Avengers: Endgame and the Three-Hour Quest for Oscar Recognition | Buzz Blog

Avengers: Endgame and the Three-Hour Quest for Oscar Recognition

Does an epic running time increase the odds of a Best Picture nomination?

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MARVEL STUDIOS
  • Marvel Studios
It’s becoming something of an annual tradition now: A mainstream blockbuster does big numbers, and people start talking about whether it has a chance at a Best Picture nomination. The billion-dollar opening weekend for Avengers: Endgame should be plenty to make fans and the Disney company happy, but a few rumblings have already begun online about whether it has a shot at being included among the nominees for next year’s biggest award.

The odds would certainly seem to be against a super-hero movie, Black Panther’s 2018 nod notwithstanding. While generally well-received by critics, the Marvel movies haven't typically been treated with the reverence that makes them seem deserving of awards (again, Black Panther being a notable exception). Yet if there’s one thing that might tip the odds ever so slightly back in Endgame’s direction, it could be its much-talked-about 3-hour running time. Because if there’s one reliable indicator of a movie’s odds for getting a Best Picture nomination historically, it’s been an epic length.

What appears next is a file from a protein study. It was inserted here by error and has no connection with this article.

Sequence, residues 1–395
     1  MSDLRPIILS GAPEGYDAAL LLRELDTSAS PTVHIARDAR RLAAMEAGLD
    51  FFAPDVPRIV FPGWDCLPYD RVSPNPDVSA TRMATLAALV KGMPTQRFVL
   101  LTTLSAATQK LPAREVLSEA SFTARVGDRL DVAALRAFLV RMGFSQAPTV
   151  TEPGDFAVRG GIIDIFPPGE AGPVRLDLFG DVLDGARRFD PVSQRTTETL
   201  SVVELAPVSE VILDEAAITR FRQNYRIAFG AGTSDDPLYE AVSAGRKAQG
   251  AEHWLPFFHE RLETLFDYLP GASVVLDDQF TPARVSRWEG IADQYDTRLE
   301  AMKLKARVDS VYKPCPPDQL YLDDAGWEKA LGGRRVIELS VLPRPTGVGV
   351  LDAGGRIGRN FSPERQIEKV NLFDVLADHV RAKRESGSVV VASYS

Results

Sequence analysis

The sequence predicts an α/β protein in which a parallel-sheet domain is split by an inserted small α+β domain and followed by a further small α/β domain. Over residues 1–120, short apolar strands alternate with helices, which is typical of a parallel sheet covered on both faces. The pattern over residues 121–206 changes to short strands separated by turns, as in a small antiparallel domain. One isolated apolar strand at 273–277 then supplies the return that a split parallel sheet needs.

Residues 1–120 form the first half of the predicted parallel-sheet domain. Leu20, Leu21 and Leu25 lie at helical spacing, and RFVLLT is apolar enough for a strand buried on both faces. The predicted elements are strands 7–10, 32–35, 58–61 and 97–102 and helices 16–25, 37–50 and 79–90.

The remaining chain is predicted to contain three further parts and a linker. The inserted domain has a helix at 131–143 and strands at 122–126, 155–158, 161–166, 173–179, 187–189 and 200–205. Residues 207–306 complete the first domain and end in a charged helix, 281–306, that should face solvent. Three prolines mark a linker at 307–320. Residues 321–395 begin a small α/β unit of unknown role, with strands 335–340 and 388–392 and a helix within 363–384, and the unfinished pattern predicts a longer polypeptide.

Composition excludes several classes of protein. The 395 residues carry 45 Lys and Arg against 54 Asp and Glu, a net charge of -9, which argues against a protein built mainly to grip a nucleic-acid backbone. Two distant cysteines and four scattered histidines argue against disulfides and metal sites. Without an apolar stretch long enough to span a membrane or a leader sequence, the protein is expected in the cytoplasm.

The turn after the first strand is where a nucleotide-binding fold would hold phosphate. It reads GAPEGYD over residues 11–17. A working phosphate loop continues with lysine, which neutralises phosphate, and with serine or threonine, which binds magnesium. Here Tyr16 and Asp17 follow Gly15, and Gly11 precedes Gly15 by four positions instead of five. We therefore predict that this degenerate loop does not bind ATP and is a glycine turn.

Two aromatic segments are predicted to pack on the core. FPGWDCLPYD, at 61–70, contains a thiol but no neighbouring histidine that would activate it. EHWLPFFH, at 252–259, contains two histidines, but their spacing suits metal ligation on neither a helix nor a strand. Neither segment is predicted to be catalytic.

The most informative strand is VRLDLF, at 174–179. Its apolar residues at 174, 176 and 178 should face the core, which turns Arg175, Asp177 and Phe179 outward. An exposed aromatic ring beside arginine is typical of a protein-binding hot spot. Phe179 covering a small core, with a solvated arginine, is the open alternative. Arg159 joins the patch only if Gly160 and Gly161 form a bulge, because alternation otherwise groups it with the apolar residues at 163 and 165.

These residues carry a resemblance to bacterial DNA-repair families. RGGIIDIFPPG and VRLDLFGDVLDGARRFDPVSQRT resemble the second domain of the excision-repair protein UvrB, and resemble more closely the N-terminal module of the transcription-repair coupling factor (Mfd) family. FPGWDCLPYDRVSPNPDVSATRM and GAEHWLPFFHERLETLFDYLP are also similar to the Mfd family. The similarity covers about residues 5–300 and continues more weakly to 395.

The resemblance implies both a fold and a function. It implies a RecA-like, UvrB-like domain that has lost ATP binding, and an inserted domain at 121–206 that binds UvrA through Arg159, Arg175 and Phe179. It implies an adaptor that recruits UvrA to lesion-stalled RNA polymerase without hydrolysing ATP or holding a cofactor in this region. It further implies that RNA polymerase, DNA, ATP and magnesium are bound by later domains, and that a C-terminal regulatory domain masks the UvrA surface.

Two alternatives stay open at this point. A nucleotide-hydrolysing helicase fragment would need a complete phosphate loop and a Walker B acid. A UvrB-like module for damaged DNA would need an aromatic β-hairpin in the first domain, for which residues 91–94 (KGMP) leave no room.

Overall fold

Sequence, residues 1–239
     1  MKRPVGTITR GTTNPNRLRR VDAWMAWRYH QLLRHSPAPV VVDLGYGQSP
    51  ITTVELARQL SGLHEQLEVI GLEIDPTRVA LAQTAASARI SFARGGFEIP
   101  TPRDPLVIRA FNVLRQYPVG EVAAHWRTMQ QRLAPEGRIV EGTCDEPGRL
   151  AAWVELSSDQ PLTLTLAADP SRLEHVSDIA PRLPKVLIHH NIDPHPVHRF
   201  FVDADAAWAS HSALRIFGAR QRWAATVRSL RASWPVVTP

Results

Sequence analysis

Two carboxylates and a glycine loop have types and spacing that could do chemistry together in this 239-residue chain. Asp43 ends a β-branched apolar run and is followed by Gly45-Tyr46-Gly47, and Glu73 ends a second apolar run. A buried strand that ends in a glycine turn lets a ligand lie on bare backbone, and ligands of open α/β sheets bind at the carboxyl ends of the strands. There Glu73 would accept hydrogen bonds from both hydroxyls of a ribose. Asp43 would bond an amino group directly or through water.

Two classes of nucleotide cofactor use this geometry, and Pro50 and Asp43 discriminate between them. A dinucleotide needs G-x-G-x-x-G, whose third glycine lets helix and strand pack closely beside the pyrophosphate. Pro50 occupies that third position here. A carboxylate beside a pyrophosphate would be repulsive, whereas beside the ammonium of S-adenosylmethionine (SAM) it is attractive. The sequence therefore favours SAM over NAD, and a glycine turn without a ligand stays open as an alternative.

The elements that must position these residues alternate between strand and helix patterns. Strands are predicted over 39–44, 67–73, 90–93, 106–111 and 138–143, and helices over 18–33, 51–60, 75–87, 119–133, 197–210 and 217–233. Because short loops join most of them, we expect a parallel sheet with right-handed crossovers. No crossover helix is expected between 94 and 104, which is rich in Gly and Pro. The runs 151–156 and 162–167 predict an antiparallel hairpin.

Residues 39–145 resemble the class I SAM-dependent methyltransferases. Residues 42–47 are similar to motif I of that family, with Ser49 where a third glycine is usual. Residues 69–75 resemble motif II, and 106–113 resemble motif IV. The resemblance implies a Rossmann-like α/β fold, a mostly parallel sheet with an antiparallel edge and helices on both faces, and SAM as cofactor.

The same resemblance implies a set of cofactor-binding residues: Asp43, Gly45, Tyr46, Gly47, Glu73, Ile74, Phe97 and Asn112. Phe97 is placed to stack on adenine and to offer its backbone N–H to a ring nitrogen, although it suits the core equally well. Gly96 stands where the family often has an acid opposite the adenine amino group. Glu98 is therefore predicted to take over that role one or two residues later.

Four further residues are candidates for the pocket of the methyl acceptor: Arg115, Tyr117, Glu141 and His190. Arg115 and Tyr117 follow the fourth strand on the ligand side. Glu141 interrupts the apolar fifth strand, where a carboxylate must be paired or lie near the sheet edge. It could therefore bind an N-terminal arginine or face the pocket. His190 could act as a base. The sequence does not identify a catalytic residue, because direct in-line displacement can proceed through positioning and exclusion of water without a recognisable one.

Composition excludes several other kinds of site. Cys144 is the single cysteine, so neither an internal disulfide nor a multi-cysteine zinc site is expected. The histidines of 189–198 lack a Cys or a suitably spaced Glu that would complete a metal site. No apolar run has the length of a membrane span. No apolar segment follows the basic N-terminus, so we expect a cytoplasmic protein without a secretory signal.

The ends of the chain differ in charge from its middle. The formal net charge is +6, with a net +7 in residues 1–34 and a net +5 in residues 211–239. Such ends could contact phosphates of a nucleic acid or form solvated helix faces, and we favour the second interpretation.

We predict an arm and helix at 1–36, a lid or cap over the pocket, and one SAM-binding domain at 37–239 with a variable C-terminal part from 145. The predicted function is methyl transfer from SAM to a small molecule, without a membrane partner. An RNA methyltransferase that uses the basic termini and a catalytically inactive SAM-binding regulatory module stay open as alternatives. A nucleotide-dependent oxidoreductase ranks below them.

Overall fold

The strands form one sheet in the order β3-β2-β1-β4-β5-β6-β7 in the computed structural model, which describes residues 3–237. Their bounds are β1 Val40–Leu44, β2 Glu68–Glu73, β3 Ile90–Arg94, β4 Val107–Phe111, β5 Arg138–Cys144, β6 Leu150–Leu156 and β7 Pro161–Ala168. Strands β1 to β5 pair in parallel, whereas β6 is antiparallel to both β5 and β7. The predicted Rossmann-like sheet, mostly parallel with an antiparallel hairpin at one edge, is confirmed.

Over the 60 years from 1956-2015, only 40 English-language films running at least 180 minutes were released in the U.S., ranging from Biblical spectaculars (The Ten Commandments, Ben-Hur) to historical biopics (Reds, Gandhi) to effects-driven blockbusters (Titanic, The Lord of the Rings: The Return of the King). Of those 40 films, 22 of them were nominated for Best Picture—or better than a coin-flip chance of getting a name called on nomination day. And of those 22 nominees, nine ended up taking home the big prize, meaning that 180 minutes of movie gives you an almost 25 percent shot at cinematic immortality. This isn’t even taking into account winners and nominees that come up just a few ticks short of that three-hour mark, like The Godfather (175 min.) and Braveheart (178 min.)

It’s clear that awards voters tend to give a bit more credibility to movies with some meat on their bones, though in recent years the winning films have trended away from being mega-long spectacles. The question is whether the grand super-hero finale of a Marvel Cinematic Universe cycle can overcome its genre disadvantages, even considering the expanded roster of nominees over the past decade. Three-hour gravitas might not be kind to backsides or small bladders, but it could be the one factor giving the Avengers a shot at a golden prize slightly less deadly than the Infinity Gauntlet.

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